If you’ve made a change for the better, please share (in the comments section below) what prompted YOU to change.  You may be an inspiration for others!


— Katherine




  1. Serena Rebechini says

    I did it not only for myself but to be an example to my own children. I’ve always enjoyed eating healthy foods and even asked for Grape Nuts and broccoli as a kid but I realized as an adult with limited time and the additional stress of kids, work and everything else it was easier to run through the drive through. It wasn’t until about 8 months ago that I made a very conscious effort to buy organic, prepare my own meals ahead of time and get my butt to the gym a minimum of 3 times a week. I see a huge difference in how I feel physically and emotionally, my children now fight over who gets the last Kohlrabi slice and ask when we are going to the gym next! That really excites me. Next on the list are the boyfriend and his kids. Merging households with someone who doesn’t cook but likes healthy food and has done exactly what so many parents have done and gotten his children used to eating fast food, fried, salty fatty chicken strips, tatter tots and just about anything but that isn’t green. This will be a huge challenge when households merge this summer!

  2. Beth Mickens says

    There are several reasons why I changed the way I and my family eats. First, I want to make sure that I remin a role model to my daughter and to my family. I want my daughter to grow up learning how to eat properly and how to make the right food choices. Same goes for my immediate family. I constantly “preach” about eating healthier foods, so I have to practice what I preach and it’s a motivator for them when they see me having carrots and hummus as my side dish as opposed to chips at a cookout. Another reason is because my family as well as my husbands family have a history of health issues ranging from minor to severe. I want to do my best to avoid any possible health issues for us in the future and try to prevent and possibly even “cure” the ones that my family currently is dealing with. And of course, a nicer, leaner body that I can feel more comfortable in is always a huge motivator to sticking to healthier eating habits and a consistent exercise routine.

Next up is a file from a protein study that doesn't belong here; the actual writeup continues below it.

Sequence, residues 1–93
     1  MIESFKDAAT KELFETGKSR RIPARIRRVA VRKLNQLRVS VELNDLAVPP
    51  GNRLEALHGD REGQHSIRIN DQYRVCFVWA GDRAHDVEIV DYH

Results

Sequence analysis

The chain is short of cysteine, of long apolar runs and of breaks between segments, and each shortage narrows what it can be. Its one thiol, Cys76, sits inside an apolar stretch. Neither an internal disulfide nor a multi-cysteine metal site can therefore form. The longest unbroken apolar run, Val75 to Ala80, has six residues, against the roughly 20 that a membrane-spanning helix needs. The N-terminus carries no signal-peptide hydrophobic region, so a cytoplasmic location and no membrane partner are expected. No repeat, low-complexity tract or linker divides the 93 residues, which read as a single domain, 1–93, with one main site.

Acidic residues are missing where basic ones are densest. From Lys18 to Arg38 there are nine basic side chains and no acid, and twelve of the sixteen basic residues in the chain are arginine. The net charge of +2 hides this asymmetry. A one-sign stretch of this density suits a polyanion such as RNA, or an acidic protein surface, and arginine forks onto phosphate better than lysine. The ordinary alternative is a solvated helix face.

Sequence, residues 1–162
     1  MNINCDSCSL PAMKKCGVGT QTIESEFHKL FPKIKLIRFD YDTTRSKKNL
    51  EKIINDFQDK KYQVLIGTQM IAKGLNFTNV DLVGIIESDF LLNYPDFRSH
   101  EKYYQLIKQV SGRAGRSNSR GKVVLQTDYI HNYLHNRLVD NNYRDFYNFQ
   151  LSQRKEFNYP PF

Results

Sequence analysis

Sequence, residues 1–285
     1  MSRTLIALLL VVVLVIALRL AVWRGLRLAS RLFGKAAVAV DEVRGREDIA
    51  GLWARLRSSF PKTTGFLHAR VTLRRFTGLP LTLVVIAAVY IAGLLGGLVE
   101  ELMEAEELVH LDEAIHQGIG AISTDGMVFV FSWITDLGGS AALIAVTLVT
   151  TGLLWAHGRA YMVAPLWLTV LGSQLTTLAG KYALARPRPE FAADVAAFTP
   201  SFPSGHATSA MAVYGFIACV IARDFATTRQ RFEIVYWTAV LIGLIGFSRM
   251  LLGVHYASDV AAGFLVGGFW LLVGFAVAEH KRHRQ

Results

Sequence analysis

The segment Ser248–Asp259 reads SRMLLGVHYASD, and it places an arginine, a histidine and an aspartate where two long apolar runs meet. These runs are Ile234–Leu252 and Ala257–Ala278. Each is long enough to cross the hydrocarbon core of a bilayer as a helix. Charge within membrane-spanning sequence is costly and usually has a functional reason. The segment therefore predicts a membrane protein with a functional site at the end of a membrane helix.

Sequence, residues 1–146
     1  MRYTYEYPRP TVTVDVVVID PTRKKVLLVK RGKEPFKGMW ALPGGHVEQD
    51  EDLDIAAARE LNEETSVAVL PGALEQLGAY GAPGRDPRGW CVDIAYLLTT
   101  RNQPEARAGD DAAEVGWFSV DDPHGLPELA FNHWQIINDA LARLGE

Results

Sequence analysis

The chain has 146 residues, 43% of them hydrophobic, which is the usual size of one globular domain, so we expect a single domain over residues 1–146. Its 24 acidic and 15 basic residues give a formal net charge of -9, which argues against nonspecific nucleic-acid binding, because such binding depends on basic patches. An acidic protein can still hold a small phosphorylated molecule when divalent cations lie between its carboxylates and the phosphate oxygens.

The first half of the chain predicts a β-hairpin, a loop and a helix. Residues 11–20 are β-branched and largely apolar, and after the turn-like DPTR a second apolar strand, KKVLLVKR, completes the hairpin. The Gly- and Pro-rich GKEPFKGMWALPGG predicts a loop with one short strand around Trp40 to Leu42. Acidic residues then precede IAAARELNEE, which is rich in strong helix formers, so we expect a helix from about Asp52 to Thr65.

3. Maggie says

    Family history of Type II Diabetes, mother and some siblings have it. I was raised eating healthy fresh foods from our garden. Also worked in the garden as a child. Those habits have stayed with me. My biggest motivator is not wanting diabetes. I want to age healthy and do not want to rely on medications for health problems brought on by being overweight. I am also a fitness fanatic and its easier to perform circuit training, hiking, biking being within a healthy weight range.